I wish the Young Critics Circle were actually young.

I wish the Young Critics Circle were actually critics.

I wish Francis ‘Oggs’ Cruz, Richard Bolisay, and Dodo Dayao would get space in the broadsheets, because they’re far more interesting than anyone writing there regularly.

I wish we didn’t have a cinema of the press (more on this soon).

I wish Noel Vera would move back.

I wish Hammy Sotto were still alive.

I wish Hammy Sotto’s manuscripts would get published.

I wish film preservation activist Jo Atienza was still in Manila.

I wish we had a fully supported Film Museum.

I wish we had a Cinematheque.

I wish the UP Film Center had better seats, and more important, showed better films.

I wish more non-filmmakers from the Philippines would get to travel to festivals.

I wish film were taught in high schools.

I wish we had more film lovers and less bureaucrats in important positions in the field of cinema.

I wish Teddy Co would get the recognition that he deserves for his selfless work.

I wish Teddy Co would write more as his ideas deserve to be recorded.

I wish co-ops would co-operate.

I wish Khavn De La Cruz would get to make his musical EDSA XXX.

I wish the Max Santiago feature would get made, and that shorts would finally come to my hands on DVD (Hi Marla!).

I hope Tad Ermitano never stops writing and playing in his cave.

I wish Lourd De Veyra would continue writing on actors and cinema.

I wish Raymond Lee’s UFO success.

I wish Albert Banzon would get more credit.

I wish we had more regional feature films, and more support for regional filmmakers.

I wish everyone would watch When Timawa Meets Delgado.

I wish someone would lower MTRCB rates for screening fees, especially for festivals.

I wish someone, anyone, would make a good, thought-provoking film about the Philippine upper class.

I wish Ketchup Eusebio would get more leading roles.

I wish Elijah Castillo would appear in a lot more films. Soon.

I wish Cesar Hernando would get to make a video transfer of his experimental short Botika, Bituka.

I wish filmmakers had some integrity and told Viva to screw themselves when offered another exploitation film.

I wish more people could see the film Bontoc Eulogy by Marlon Fuentes.

I wish Vic Del Rosario wasn’t presidential adviser on Entertainment, given the shlock they produce, and yes, that includes the films that starred First-Son Mikey Arroyo.

I wish Star Cinema would stop—just stop.

I wish there was a film library that people could go to in order to read books on cinema.

I wish the MMFF were not in the hands of the same people who install public urinals (admittedly useful).

I wish the MMDA didn’t call those circles and boxes Art.

I wish that MMDA Art wasn’t so much better than every MMFF film.

I wish a certain festival in December didn’t consider box office as a criteria for its main prize (which comes with rewards). We don’t give cultural awards to Wowowee, do we? Well, not yet…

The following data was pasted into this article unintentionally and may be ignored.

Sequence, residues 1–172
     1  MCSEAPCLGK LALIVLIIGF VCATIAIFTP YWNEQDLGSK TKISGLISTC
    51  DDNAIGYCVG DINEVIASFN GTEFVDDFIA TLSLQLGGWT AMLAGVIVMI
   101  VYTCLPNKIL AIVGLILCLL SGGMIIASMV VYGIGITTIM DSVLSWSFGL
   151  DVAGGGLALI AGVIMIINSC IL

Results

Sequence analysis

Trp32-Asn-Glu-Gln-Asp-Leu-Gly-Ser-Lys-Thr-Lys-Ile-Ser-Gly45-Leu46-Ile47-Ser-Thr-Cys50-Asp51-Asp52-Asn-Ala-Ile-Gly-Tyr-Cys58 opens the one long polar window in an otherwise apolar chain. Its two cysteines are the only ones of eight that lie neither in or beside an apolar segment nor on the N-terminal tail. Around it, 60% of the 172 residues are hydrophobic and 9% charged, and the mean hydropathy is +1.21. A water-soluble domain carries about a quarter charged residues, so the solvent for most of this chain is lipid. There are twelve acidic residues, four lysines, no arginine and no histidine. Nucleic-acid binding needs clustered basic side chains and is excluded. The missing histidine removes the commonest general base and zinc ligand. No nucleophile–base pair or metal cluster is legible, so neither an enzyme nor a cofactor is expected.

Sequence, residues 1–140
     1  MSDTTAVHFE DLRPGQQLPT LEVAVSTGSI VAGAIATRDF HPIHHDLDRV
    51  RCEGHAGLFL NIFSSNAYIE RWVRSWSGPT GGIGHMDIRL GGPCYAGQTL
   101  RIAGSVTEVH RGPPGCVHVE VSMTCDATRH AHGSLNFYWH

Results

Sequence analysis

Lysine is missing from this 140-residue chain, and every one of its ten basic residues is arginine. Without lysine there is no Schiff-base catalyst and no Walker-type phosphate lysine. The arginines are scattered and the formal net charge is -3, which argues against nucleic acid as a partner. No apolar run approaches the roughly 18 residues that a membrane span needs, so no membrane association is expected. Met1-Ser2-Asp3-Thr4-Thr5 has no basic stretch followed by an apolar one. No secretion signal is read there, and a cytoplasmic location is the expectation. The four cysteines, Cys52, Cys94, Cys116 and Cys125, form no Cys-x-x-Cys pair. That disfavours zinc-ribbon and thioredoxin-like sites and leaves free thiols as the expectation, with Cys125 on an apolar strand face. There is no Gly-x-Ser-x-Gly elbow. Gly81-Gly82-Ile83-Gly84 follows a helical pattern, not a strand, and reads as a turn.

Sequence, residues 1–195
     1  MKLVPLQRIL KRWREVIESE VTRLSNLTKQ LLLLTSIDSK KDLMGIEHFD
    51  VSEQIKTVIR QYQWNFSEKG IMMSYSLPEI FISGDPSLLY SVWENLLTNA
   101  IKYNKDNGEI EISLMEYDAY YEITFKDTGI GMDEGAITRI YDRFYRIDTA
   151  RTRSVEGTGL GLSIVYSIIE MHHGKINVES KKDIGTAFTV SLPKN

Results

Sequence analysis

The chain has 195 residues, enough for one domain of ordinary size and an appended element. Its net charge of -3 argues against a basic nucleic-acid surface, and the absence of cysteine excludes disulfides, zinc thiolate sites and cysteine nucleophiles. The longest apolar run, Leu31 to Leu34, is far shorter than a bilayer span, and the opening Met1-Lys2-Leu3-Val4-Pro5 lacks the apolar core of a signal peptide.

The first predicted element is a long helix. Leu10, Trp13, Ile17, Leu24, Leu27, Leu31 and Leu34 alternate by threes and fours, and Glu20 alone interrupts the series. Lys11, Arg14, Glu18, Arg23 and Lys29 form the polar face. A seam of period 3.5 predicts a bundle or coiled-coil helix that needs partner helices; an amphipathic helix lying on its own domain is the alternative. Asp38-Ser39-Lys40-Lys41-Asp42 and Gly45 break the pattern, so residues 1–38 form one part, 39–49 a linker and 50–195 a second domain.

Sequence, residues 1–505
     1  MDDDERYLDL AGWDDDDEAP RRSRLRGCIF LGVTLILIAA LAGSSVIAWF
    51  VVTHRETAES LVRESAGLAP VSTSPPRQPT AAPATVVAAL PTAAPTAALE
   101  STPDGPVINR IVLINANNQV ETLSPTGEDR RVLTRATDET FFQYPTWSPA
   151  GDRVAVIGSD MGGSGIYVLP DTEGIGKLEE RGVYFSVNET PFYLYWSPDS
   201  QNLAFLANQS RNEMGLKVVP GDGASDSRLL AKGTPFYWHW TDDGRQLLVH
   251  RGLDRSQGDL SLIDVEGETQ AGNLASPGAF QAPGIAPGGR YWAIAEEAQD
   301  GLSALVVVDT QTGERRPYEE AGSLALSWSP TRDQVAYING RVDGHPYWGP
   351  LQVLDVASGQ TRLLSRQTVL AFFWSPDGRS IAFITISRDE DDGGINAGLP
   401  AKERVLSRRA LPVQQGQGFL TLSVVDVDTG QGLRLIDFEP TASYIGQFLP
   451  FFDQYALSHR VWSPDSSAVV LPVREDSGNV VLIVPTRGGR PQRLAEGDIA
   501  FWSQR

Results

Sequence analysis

I wish I could see how “commercial viability” was computed.

I wish Mother Lily didn’t have a monopoly on the Metro Manila Film Festival.

I wish Mother Lily took better care, or rather took care at all, of the good films she unwittingly produced in the past.

I wish Mother Lily would get to see Raya’s Long Live Philippine Cinema! …or maybe not.

I wish the Hammy Sotto-led Philippine Cinema in the ’90s book, with excellent interviews and a complete filmography of the decade, and which has been completed for several years, would finally get printed.

I wish all the old Mowelfund shorts—including the works of Regiben Romana, the Alcazaren Brothers, Louie Quirino and Donna Sales, Raymond Red and Noel Lim—would come out on DVD.

I wish a book would be written about all the Mowelfund shorts.

I wish a book on Philippine poster art would be released.

I always look forward to the rest of Nick Deocampo’s projected four-to-five volume history on Philippine cinema—at least someone is writing it.

I wish there were a pure film studies course available in the Philippines.

I wish that venues that are censorship (and therefore MTRCB fee) exempt would understand the vital role they play and take more responsibility.

I wish we had a regular film journal. Why don’t we? We have enough critics groups and awarding bodies.

I wish more film teachers were approaching cinema from cinema.

I wish R.A. Rivera would get to make his first feature soon.

I wish Quark Henares refrains from selling out again, because if he doesn’t, he has the potential to be one of the important ones.

I wish more people would get to see In Da Red Korner. It deserves to be reconsidered.

I wish Rogue Magazine would cut down their featuring of foreign films in the gallery section when there is so much to write about locally that doesn’t get covered in other media beyond sloppy journalism.

I wish the government would sponsor DVD releases of the surviving films of Lamberto Avellana, Gerardo De Leon and all other classics that still exist.

I wish FPJ Productions would again screen the footage of Gerry De Leon’s unfinished Juan de la Cruz (the icon, by the way, that was invented by this magazine).

I wish less filmmakers compromised.

I wish more filmmakers admitted when they did.